On Tuesday 7th November 2023, the Leasehold and Freehold Bill was announced during King Charles’ first king’s speech in Parliament. When it becomes law, the Bill will deliver the Government’s commitments on leasehold reform as outlined in their manifesto – to provide “fairness in the housing market”.
Following the Kings Speech, on 09 November 2023, the Department for Levelling Up, Housing and Communities launched a consultation on capping ground rent in existing leases. The deadline for responding to the consultation has been extended from 21 December to 17 January 2024 and the government has indicated that the responses will inform the proposed reforms in the Leasehold and Freehold Bill.
On 27 November 2023, the government introduced the Leasehold and Freehold Bill (“the Bill”) to Parliament.
What does the Freehold and Leasehold Bill include?
Lease extensions, freehold purchases and right to manage
Proposals in the Bill concerning lease extensions, freehold purchases and the right to manage include:
- Future lease extensions will be by 990 years, instead of 90 years as now, at a peppercorn rent;
- A flat owner will no longer need to own the flat for two years before applying to extend the lease;
- Marriage and hope value will no longer be taken into account in the price of a lease extension or freehold purchase;
- The “net present value” of the ground rent will be capped at 0.1% of the market value of the freehold interest in calculating the price of a lease extension;
- Enfranchisement rights currently do not apply to mixed-use buildings where the non-residential use is 25% or more – this will become 50%
- A new standard valuation method will apply in most cases;
- The tribunal will be able to handle some disputes that currently have to be dealt with in court.
- The right of the landlord to be paid costs by a flat owner will be limited.
- Leaseholders will have a new right to buy out their ground rent, at a price, if the lease still has more than 150 years left to run.
- Owners who pay a service charge on their freehold homes will have a new right to challenge this in the tribunal, and the right of leasehold owners to challenge their service charges will include fixed amounts laid down in their leases as well as variable amounts that depend on what the landlord spends on services.
- Landlords will have to give flat owners more detailed information about service charges and buildings insurance, or risk paying up to £5,000 compensation to a flat owner who applies for it to the tribunal.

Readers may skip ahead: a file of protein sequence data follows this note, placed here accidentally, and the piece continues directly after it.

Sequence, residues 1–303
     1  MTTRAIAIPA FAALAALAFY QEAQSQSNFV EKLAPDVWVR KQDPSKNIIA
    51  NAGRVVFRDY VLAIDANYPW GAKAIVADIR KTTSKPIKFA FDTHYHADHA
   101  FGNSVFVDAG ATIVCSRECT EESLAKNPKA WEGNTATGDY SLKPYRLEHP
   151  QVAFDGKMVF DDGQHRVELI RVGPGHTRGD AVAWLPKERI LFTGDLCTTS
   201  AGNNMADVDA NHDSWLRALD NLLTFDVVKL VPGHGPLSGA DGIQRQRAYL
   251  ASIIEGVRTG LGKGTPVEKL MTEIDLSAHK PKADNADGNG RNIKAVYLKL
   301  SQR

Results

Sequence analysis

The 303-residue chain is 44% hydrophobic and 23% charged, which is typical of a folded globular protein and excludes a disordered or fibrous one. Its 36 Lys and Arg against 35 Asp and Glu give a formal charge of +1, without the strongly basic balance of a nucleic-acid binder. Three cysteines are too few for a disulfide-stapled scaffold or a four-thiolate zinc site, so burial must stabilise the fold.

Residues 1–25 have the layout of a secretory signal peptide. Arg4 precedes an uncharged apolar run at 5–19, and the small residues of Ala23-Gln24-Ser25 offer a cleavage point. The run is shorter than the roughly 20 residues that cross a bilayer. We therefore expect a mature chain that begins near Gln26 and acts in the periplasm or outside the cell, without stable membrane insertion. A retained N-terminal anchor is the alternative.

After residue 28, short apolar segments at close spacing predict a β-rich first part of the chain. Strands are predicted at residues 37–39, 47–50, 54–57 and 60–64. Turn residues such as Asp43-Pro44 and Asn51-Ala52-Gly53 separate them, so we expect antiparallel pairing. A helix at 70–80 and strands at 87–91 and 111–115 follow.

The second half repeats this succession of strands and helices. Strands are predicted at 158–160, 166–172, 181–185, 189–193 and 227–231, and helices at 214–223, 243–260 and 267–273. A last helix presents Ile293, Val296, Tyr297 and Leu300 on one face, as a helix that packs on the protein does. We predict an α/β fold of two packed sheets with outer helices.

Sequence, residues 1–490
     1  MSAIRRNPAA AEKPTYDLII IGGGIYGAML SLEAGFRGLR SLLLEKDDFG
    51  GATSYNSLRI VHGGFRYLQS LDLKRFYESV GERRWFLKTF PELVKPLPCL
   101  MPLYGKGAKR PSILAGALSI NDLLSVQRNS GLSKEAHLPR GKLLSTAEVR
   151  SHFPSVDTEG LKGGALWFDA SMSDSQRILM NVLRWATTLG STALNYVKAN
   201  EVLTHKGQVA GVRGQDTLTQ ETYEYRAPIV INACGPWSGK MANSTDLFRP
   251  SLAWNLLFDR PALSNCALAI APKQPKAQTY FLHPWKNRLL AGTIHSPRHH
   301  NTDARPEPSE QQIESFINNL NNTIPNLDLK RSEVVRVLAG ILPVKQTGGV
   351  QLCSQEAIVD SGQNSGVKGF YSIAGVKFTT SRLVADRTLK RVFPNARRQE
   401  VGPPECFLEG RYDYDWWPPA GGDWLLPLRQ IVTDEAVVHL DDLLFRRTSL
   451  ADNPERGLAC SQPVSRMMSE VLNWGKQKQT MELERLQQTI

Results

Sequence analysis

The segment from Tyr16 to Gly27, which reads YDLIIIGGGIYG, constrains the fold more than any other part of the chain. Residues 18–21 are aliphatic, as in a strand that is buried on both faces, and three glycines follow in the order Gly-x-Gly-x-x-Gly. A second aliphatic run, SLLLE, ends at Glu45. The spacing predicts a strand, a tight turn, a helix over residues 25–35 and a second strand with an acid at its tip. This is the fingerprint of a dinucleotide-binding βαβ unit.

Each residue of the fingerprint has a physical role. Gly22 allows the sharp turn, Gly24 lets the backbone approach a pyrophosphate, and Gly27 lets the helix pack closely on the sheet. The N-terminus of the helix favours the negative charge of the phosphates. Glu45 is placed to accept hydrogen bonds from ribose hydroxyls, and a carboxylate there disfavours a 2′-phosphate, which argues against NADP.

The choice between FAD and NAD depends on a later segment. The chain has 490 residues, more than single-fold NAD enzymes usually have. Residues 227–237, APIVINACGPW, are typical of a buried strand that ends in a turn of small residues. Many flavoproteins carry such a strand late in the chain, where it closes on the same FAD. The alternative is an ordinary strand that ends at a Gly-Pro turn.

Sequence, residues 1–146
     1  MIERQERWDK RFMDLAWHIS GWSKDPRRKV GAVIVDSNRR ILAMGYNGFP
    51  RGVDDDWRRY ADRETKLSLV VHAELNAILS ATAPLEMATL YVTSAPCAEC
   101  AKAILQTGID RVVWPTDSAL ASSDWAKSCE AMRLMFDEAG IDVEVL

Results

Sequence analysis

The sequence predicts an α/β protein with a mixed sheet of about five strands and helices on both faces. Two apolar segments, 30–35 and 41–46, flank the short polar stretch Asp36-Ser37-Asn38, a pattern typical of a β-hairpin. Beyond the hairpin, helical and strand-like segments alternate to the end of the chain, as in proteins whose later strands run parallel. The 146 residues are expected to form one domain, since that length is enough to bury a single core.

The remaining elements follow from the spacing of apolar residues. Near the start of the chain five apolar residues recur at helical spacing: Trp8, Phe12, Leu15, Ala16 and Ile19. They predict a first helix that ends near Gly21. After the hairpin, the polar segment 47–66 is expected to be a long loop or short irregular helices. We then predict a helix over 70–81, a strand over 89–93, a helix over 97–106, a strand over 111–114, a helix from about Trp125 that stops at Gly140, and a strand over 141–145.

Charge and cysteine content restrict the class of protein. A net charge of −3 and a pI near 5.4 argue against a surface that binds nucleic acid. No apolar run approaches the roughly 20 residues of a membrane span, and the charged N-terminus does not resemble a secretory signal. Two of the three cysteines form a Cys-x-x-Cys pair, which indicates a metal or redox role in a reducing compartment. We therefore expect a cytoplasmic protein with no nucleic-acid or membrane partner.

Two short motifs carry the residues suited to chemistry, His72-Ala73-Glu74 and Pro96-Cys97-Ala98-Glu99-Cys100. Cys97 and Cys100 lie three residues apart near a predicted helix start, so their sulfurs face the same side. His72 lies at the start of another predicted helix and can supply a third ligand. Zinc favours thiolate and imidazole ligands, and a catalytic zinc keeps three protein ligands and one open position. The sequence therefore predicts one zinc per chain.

- Even if the words of a lease give landlords the right to include their own legal costs in the service charge, they will no longer be able to do this without getting approval by the court or the tribunal.
Guidance from the government on the Bill can be viewed here.
The Bill has begun its passage though the parliamentary process. The proposals in the Bill will be scrutinised and debated and inevitably, changes and amendments will be made, and some matters dropped altogether.
The final Bill which will be enacted may well be different from the Bill as it stands now. There is therefore no guarantee that all of the proposals in the Bill will become law.
What has happened so far?
Last year, the Leasehold Reform (Ground Rent) Act 2022 came into force. The effect of the legislation is that any new lease granted on or after 30 June 2022 would no longer be permitted to have a ground rent. However, this reform only removed ground rent from new leases and not on any existing leases.
This year, the Levelling-Up and Regeneration Act 2023 enacted on 26 October 2023 and it will come into force on 26 December 2023. This legislation covers a loophole in the Building Safety Act 2022 which inadvertently excluded leases granted after 14 February 2022 from the protections under the Act. This loophole will be closed, and the legislation will apply retrospectively, so any leases affected will have the protection from 26 December 2023.
Dona Awano, head of our specialist leasehold team says; “The introduction of the Bill to Parliament is a welcome development. The Second Reading of the Bill is scheduled for 11 December 2023 and we will be following the Bill’s journey through Parliament to see how it evolves and whether some of the controversial proposals sail through and make it into legislation. It is also anticipated that the response to the ongoing consultation on ground rent will feed into the Bill at some stage.”
About our Leasehold team
Based in our Crystal Palace office, our Leasehold Enfranchisement solicitors are all highly experienced in this niche area of Property law. Amphlett Lissimore are members of the Association of Leasehold Enfranchisement Practitioners (ALEP), so you can be sure to receive from us a high level of service, integrity, and professionalism.